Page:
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South Africa: Boost for African Medical Innovation
Source: Government Info
Source Date: Friday, January 31, 2014
Focus: Electronic and Mobile Government, ICT for MDGs
Country: South Africa
Created: Jan 31, 2014

Two programmes
The multi-year partnerships will support two distinct programmes:
In the first programme, researchers from across South Africa will compete for funding from the MRC's Strategic Health Innovation Partnerships (SHIP) earmarked for the development of AIDS and TB vaccines.
This initiative has received $11.7-million (about R125-million) from the Bill and Melinda Gates Foundation, R130-million from the Department of Science and Technology, and R60-million from the Department of Health.
SHIP's role will be to build on the scientific leadership of South African scientists in these diseases and establish, fund and manage research programmes on innovative products and approaches to prevent AIDS and TB.
The second programme will enable UCT's Drug Discovery and Development Centre (H3-D) to build on its experiences and track record in integrated modern drug discovery and preclinical development to the develop novel clinical drug candidtes to address TB and malaria challenges.
In addition to R50-million funding from SHIP and the Technology Innovation Agency, H3-D will receive $5 million (about R55-million) from the Bill and Melinda Gates Foundation over five years.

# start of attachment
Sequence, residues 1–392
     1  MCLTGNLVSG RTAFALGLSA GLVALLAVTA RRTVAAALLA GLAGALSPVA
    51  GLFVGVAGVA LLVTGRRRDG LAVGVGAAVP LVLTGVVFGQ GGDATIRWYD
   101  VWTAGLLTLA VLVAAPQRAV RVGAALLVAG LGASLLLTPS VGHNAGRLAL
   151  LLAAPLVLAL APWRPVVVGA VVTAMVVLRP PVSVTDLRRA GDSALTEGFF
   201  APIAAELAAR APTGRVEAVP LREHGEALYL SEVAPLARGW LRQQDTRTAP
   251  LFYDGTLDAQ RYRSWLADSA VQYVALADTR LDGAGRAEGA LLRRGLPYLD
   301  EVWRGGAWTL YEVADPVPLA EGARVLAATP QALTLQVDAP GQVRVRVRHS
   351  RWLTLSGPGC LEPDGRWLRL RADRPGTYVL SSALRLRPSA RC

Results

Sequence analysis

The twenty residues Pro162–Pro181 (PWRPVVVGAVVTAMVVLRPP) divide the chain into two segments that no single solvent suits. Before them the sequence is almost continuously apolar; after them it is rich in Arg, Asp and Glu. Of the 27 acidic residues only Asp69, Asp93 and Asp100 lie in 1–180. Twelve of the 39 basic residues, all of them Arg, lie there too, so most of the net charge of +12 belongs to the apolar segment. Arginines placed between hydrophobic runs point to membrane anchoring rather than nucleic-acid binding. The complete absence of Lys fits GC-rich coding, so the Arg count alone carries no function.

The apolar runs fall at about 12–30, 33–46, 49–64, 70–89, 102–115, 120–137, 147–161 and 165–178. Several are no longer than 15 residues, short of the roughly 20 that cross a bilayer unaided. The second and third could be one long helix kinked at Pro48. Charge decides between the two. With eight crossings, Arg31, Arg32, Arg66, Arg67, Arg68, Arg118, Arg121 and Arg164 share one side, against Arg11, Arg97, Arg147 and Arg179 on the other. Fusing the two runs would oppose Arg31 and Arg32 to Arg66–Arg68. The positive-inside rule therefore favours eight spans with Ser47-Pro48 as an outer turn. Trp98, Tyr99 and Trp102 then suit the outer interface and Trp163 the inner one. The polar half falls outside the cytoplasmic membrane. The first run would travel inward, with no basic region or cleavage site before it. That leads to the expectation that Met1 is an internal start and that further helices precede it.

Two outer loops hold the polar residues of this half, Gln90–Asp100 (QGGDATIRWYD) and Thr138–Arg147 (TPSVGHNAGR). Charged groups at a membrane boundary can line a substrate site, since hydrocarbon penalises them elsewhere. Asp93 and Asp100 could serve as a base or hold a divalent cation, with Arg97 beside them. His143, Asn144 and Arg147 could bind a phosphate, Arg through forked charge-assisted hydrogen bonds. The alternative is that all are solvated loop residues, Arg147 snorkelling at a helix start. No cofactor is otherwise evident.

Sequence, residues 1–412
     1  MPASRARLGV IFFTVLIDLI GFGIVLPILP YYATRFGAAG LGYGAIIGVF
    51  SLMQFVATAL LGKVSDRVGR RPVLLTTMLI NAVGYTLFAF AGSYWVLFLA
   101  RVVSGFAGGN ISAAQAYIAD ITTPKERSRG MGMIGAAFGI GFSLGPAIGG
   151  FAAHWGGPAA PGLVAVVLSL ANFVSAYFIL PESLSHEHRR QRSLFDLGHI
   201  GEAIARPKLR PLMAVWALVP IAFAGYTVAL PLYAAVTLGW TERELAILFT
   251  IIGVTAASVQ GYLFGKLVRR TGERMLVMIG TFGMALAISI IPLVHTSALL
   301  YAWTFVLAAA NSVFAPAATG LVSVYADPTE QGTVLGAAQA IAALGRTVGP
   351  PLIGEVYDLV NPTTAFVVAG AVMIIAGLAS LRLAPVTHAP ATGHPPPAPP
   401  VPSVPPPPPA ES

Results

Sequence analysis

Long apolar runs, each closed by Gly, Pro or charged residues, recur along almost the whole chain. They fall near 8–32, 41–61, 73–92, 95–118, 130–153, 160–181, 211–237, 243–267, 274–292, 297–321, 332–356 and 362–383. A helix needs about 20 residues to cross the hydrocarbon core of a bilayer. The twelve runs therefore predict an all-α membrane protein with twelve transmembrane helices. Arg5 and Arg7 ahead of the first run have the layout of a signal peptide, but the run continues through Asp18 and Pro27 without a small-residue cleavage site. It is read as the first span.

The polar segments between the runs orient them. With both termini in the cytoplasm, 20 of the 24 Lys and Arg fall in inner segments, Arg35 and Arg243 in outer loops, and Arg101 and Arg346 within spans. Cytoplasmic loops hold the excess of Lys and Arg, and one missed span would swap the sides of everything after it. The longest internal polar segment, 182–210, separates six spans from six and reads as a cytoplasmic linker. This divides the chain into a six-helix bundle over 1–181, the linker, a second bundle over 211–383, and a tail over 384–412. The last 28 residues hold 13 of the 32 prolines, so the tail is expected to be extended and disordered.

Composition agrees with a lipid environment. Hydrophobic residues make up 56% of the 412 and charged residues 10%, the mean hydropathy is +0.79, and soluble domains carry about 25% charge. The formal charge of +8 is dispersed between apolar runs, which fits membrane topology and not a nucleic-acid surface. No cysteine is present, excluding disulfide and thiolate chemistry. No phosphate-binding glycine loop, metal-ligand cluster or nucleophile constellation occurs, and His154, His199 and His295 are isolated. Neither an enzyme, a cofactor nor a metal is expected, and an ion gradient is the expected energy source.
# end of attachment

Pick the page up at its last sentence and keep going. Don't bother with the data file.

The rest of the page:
African science solutions
The partnerships also aim to fulfil the longer-term goal to develop a critical mass of top-flight South African scientists in the field, able to compete at high international levels.
"We believe our partnering with the Bill and Melinda Gates Foundation, the MRC and government helps us develop Africa-generated solutions to African problems," Professor Thandabantu Nhlapo, UCT's acting vice-chancellor, said at the MRC offices in Tygerberg outside Cape Town last week.
He said that UCT's HD-3 showed that research not only created new knowledge but new jobs, career opportunities, and infrastructure - and reversed the brain drain.
"It's exciting to come and work in Africa," he said.
Dr Trevor Mundel, president of the Gates Foundation's Global Health Programme, said the partnerships had enormous potential to tackle the tough challenges and support those most in need in South Africa and across the continent.
"South Africa has world-class researchers and the infrastructure necessary to develop the kinds of innovative health solutions needed to accelerate progress against TB, HIV, malaria and other infectious diseases," he said.
Edited version of a story first published in UCT's Monday Monthly. Published here with kind permission.
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